Preventing burnout under the heat of college | 2022 Health Wellness | – The Shorthorn

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Updated: October 23, 2022 @ 2:58 pm

As academic and social responsibilities pile up, many students are bound to experience the effects of burnout. 
Burnout is when people endure stress about everything being a human entails, such as life and school, that they’re no longer able to emotionally engage anymore, UTA counseling specialist Ashlee Rodriguez said.  
“If you stop being worried about being on time to things, if you start giving yourself excuses to miss some classes, this sort of this buildup of less engagement can kind of be a warning sign,” Rodriguez said. “Especially if that’s something you’re passionate about.”
Physical consequences like exhaustion or illness often accompany the cold-body sensation of “being done,” she said. 
International business junior Briana Ortiz said whenever she’s faced burnout, she becomes moody and stressed and only wants to sleep. 
Ortiz said she burned out the most in high school by taking high school and college-level courses while also working. She said she learned a lot from that experience  to better balance her schedule now. 
“You also need to make sure that you’re taking care of yourself and not pushing yourself too much to the point where you lose interest or happiness in the things you’re wanting to do,” she said. 
Business analytics sophomore Sayesha Sethi said burnout affects her sleep. 
“I get really sleep-deprived, so I have to chug a lot of coffee, which is not good,” Sethi said.
She said she tells herself she can relax after her assignments are finished. Having unfinished academic work makes her anxious, even when she’s trying to take a break.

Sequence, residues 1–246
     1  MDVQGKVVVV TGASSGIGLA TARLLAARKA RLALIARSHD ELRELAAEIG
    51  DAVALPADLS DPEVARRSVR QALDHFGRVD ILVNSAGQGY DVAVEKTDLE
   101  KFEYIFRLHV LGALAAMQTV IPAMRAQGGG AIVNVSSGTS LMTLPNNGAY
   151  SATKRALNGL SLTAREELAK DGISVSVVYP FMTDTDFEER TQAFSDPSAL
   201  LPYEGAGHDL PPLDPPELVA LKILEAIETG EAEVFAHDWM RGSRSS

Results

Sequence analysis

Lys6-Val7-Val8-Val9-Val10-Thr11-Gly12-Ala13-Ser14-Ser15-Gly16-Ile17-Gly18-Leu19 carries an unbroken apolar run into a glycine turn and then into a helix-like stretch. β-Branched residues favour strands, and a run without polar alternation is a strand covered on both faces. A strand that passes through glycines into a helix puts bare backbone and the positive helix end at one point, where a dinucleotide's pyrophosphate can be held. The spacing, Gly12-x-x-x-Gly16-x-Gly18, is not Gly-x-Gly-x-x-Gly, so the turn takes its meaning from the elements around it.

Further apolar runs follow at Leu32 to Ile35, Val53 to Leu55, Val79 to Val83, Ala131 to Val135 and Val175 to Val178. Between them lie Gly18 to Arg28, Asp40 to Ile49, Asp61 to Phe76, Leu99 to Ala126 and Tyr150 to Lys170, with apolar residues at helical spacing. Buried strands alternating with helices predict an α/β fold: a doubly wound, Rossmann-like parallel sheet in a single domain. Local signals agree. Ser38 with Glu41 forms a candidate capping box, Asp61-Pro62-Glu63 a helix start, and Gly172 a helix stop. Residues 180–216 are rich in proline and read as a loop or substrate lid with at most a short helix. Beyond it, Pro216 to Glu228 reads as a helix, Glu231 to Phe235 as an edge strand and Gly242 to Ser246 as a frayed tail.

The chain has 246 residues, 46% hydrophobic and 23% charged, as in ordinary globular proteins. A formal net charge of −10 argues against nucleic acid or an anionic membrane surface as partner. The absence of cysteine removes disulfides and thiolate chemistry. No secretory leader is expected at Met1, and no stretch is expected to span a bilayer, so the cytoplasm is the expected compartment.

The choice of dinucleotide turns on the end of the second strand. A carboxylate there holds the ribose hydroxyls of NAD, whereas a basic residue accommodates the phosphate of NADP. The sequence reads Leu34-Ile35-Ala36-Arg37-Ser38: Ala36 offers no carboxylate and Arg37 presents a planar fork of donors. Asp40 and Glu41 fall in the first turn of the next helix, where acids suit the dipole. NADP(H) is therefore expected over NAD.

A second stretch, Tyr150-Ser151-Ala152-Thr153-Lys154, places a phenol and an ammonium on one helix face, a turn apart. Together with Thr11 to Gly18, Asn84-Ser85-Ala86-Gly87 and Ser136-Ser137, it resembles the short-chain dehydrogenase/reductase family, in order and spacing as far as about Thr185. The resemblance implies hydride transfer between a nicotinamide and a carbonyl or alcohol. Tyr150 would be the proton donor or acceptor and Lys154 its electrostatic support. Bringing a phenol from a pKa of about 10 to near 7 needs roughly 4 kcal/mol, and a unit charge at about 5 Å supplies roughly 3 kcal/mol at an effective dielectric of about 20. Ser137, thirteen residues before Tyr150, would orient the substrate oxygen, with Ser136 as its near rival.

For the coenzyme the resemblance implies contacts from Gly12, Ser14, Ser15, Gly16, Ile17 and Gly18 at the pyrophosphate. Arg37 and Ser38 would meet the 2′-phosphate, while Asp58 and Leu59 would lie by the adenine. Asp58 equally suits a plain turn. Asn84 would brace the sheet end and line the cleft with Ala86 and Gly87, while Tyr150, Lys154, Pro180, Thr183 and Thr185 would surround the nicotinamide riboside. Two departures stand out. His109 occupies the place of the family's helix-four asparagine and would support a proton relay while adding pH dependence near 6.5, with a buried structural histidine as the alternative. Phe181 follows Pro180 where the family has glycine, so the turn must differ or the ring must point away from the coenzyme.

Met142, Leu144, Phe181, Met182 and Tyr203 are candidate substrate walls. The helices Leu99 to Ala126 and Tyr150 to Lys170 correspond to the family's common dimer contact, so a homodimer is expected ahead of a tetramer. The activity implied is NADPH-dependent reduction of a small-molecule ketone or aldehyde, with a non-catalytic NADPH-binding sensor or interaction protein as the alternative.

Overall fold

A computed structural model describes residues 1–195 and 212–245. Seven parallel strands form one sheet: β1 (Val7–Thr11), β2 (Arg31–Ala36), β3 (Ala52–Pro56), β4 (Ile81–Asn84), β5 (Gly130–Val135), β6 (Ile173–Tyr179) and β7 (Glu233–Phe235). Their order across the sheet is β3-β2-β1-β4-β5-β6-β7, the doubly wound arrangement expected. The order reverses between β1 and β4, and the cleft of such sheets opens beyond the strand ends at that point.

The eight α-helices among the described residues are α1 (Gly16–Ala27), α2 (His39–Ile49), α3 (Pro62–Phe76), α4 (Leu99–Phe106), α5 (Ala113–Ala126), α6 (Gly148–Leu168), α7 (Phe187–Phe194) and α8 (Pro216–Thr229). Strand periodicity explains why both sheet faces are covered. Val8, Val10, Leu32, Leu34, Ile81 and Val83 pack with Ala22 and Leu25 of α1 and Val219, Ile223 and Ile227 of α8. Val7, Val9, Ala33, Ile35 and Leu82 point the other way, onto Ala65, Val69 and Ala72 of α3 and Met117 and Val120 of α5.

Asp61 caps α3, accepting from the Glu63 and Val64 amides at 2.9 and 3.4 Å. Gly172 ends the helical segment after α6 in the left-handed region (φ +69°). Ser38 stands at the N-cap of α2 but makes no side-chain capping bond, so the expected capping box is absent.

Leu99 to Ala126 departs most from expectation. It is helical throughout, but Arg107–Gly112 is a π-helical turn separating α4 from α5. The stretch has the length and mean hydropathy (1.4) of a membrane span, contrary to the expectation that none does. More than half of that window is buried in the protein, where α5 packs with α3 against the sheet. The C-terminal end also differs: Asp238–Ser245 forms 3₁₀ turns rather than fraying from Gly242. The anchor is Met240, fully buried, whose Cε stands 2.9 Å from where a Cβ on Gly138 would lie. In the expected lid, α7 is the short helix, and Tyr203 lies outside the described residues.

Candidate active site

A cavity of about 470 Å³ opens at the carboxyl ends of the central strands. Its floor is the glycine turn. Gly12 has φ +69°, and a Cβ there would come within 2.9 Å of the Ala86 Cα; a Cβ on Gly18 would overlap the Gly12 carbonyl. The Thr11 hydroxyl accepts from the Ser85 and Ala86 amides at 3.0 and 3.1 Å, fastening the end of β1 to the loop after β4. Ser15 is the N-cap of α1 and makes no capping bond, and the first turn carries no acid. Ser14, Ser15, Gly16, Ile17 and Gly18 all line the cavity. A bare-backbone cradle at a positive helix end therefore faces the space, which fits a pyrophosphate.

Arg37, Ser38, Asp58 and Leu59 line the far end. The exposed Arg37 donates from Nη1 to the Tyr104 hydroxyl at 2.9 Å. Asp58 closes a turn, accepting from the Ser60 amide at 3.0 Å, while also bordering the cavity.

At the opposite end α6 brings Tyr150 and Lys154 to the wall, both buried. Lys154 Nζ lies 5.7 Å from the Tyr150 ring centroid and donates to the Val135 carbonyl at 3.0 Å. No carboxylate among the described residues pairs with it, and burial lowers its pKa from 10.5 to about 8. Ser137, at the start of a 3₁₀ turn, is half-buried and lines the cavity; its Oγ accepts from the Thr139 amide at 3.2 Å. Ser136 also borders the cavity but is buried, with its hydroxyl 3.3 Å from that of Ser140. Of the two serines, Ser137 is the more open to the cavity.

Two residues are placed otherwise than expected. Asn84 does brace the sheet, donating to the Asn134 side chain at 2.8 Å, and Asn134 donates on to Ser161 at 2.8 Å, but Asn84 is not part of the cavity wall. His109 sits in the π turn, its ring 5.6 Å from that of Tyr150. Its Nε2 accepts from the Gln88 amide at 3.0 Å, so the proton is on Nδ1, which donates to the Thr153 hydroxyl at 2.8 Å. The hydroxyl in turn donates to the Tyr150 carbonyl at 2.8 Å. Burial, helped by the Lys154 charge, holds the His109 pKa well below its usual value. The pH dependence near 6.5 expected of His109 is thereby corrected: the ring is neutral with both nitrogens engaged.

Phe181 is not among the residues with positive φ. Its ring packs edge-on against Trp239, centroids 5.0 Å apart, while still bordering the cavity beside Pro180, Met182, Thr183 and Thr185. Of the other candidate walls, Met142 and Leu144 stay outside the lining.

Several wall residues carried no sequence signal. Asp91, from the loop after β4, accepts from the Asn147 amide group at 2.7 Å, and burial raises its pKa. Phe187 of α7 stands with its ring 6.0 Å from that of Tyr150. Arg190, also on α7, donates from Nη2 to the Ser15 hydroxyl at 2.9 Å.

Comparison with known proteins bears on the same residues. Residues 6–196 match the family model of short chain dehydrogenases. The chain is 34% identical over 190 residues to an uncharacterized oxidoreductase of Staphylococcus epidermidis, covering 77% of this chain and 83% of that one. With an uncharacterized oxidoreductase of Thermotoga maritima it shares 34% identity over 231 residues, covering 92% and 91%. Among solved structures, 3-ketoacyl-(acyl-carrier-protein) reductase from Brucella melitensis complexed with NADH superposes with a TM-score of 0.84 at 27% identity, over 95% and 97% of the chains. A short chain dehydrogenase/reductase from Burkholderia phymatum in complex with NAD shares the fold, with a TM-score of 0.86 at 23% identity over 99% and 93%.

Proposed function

Academic life is more than just when a student sits in classes and is connected to emotional burnout, Rodriguez said. 
“I think of architecture students who spend hours into the night working on projects,” she said. “They can be enrolled in the same ‘12 hours’ as somebody else, but the time that they spend working is so much greater, in some instances.” 
Ortiz said she intentionally planned to allow herself time this year for her job and school work by giving herself days without classes. 
“Part of scheduling is allowing flexibility for life,” Rodriguez said. 
She said self-care immediately challenges burnout. Taking time to enjoy yourself, even just one hour a week, can help protect people from too much pressure. 
After burnout, Sethi said she listens to her “burnout aftermath” playlist or watches TV to relax.
She said it’s good for people to keep less on their plate since they can always add more responsibilities later. 
“But to keep more things and then to deduct them, it’s like really hard,” Sethi said. “They should see the big picture and then decide what to put on their plate or not.”
Preventing burnout takes a lot of intentionality, Rodriguez said. Some people pack every minute of their schedule with productive plans, but their brains need some time to be unproductive too. 
“Making sure that your body is still taking care of growth as you’re pursuing these really important things in your life can really just protect you from some of that burnout,” she said. 
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